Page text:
When people start working with fairy tales in individual therapy or groups, they know very little about the tale itself – or indeed, about therelationshipexistingbetweenthemandthefairytale.They only see a story which may attract or repel them with elemental force, but they are unable to say why. Perhaps it is because they recognise themselves in the fairy tale’s protagonist. Or perhaps the conflict between the characters is about something familiar to their own situation. Or maybe, the hero’s or heroine’s adversary reminds them of their own enemy. Why do they feel as if it was not the protagonist, but in fact themselves wandering in the thick dark forest with no clearings, no sign-posts, with the only hope that someone will finally take their hand and lead them out?
They are filled with unanswered questions, vague feelings, secret glimmerings – and the hope that by understanding what attracts them so much to the particular fairy tale, they will understand themselves and the world better.
But how should they embark on this path of realisation? How should they begin working with a story (and with themselves)? This question is central to the therapy. If we open up a symbol or archetype for someone at the wrong time, they could miss the chance to channel the psychic energy which comes from self-discovery. And similarly, if we make the meaning or the message of the tale too obvious for a person, we may deprive them of the possibility to face something they did not dare to face before in their own rhythm, propelled by their own courage. I often see at the first therapy session that there is a perfect “match” between the life of the person sitting face to face with me and the fairy tale chosen by him or her: the tale tells the story of his or her life almost word for word, motif by motif. But it is very rare that this obvious connection is seen also by the client. However, in fairy tale therapy, the therapist is not meant to make this connection obvious or translate the tale for the clients, but instead to encourage an inner process by mediating the tale to them so that they find a connection between their own secret or unknown inner paths and the tale.
In order to facilitate the beginning of the work, we may ask clients with whom or with what they identify themselves in the particular tale, or which character’s situation seems attractive or repulsive to them. In other words, we start the therapy by trying to understand the situation, disposition and actions of the chosen character; by doing so, we can analyse situations resulting from good or bad choices, map the web of relationships between the tale’s characters, and decode the different forms of communication protagonists use to communicate with the world. In this case, we interpret the fairy tale as a basis of reference, and consequently, we treat the protagonist of the tale as a person of reference. Clients interpret themselves and their actions in reference to the situation and the protagonist depicted by the tale, while using rational tools. But fairy tales are more potent than other forms of therapy, in that they provide an opportunity to open up irrational paths, while at the same time not ruling out experiencing rational ones either. Clients are not under hypnosis, or in a dream, a trance, a meditative state, or a field of free association. In other words, they progress step by step not by walking in their subconscious mind, but in the fairy tale’s strictly confined space paved with rules. This space holds them, provides boundaries and handholds for them, sometimes stops them or makes them think, while opening up a space that is no more the closed space of the tale, but the space of their own freedom. They can then consciously transfer their experiences gained in the fairy tale’s closed, safe space into this other, free space where they can transform their discoveries into action. These two spaces are constantly open during therapy sessions; therefore clients have to do just as protagonists of Hungarian folk tales do: on the one hand, they have to move according to the laws of reason; on the other, they have to enter a space where the laws of reason are void, and where events are a result of unknown connections and laws. It is within these two conflicting spaces, and under the tension of this pressure that clients have to sort things out, and create some harmony, in order to get out of a difficult situation.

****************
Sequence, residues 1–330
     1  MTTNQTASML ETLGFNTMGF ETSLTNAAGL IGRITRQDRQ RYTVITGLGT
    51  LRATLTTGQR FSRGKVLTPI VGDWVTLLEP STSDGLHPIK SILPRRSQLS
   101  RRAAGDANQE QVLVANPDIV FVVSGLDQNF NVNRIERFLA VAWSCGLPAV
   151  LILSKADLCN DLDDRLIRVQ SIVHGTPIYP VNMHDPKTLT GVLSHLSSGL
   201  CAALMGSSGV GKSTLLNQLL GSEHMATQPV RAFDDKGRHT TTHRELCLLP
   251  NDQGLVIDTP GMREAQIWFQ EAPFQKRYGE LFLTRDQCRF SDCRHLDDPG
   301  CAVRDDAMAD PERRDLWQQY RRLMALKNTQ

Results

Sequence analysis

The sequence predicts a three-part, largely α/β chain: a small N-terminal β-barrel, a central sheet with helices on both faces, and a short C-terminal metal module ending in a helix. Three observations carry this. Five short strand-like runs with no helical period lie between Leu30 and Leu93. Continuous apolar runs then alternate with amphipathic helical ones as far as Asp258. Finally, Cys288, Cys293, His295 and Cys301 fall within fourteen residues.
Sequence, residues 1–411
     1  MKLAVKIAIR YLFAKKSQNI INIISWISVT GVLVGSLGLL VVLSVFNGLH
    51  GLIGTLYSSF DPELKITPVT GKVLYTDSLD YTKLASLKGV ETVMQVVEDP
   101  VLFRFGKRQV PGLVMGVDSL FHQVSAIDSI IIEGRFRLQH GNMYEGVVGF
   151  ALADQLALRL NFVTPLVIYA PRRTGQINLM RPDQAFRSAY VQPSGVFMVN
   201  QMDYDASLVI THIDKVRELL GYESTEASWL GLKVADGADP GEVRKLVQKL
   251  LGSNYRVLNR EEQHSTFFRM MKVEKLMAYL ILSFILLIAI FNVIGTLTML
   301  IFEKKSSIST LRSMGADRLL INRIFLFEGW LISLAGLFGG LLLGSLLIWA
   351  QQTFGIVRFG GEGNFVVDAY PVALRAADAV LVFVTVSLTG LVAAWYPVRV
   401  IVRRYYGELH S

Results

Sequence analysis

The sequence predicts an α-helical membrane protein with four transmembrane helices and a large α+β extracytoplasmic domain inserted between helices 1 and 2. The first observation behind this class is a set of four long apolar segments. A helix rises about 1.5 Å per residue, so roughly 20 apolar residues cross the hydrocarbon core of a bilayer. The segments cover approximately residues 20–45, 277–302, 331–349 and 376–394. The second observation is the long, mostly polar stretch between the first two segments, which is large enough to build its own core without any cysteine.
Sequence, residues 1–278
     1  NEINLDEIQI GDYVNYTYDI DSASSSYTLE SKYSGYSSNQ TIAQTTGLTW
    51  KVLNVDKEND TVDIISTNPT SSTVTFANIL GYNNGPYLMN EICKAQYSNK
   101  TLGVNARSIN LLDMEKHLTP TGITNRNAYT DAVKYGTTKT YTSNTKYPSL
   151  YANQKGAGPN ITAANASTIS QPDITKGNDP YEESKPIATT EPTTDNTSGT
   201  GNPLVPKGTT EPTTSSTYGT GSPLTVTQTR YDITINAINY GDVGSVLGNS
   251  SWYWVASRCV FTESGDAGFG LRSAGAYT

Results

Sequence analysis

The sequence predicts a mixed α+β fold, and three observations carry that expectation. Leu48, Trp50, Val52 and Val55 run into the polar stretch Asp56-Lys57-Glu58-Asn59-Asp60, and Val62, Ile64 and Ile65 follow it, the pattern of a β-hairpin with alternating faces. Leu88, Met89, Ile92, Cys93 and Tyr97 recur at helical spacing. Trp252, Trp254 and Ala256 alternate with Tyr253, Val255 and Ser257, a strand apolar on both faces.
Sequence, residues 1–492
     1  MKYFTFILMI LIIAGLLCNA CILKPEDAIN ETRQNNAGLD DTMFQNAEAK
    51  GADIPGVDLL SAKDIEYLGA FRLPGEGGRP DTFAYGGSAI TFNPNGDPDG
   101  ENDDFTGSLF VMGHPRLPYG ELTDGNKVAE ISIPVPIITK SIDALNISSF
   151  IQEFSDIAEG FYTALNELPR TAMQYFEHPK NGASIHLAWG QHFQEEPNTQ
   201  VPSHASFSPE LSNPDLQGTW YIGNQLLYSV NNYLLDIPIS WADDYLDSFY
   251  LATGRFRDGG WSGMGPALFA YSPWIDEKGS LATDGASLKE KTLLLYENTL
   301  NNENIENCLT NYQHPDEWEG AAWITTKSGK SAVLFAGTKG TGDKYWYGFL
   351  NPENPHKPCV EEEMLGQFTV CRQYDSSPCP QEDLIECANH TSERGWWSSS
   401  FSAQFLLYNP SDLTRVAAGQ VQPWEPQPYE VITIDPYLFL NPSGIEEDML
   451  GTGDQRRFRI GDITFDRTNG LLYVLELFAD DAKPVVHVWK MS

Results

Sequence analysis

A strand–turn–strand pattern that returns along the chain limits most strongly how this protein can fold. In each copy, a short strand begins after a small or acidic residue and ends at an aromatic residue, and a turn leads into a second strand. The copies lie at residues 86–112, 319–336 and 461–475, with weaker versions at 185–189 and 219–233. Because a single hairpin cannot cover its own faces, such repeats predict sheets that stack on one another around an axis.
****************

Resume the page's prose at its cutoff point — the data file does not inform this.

In this type of work, I personally find it much more effective if the fairy tale is not present as a reference, i.e. if the therapy does not begin with the question “who are you in the tale?” The reason why this strategy is not ideal is that archetypal models can only serve as a framework to understand a personality; sticking to these models can restrict the freedom of both therapist and client. It would be a mistake to see every tormented teenager as a Snow White, or to only recognise and address the “goddess in us”. In my experience, it is much more revealing about people where they see themselves in the story. In fairy tales there are many locations. From the isolated hovel to the dense forest and the ballroom of the royal palace, protagonists turn up in many places. In the Grimm brothers’ tale Cinderella for instance, there is a cemetery, a kitchen, a heap of ashes, a royal palace, a pear tree, a pigeon-house, a ballroom and a staircase, just to mention the most obvious. If a “Cinderella woman” sees herself in our very first meeting in the ashes in the kitchen, and it does not even occur to her that she might as well go to the ball, I assume that she is a slave to her duties who keeps away from joys. Where she needs help the most is not to finally become able to “go to the ball”, but to have at least the desire awaken in her to go to the ball. The woman who in the same tale is excited while putting on her makeup is acting in the hope and desire of a relationship, in contrast to the one who sees herself fleeting the stairs, or curling herself up in the pigeon-house, when trying to picture herself in the story. Someone else may recognise herself in the scene where Cinderella has to decide whether she wants to try the lost shoe on or not. Is she willing to enter into a relationship with the prince or not? Is she ready to get married or not?